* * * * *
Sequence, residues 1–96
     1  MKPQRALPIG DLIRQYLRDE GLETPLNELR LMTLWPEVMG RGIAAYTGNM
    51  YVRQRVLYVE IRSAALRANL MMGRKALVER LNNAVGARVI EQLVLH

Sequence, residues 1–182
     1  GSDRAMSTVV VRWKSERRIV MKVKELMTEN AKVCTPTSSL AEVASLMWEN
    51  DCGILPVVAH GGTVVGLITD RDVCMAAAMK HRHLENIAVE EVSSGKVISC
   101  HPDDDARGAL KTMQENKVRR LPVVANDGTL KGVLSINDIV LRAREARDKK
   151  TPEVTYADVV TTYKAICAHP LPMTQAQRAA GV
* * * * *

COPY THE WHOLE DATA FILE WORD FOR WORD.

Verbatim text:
Sequence, residues 1–96
     1  MKPQRALPIG DLIRQYLRDE GLETPLNELR LMTLWPEVMG RGIAAYTGNM
    51  YVRQRVLYVE IRSAALRANL MMGRKALVER LNNAVGARVI EQLVLH

Sequence, residues 1–182
     1  GSDRAMSTVV VRWKSERRIV MKVKELMTEN AKVCTPTSSL AEVASLMWEN
    51  DCGILPVVAH GGTVVGLITD RDVCMAAAMK HRHLENIAVE EVSSGKVISC
   101  HPDDDARGAL KTMQENKVRR LPVVANDGTL KGVLSINDIV LRAREARDKK
   151  TPEVTYADVV TTYKAICAHP LPMTQAQRAA GV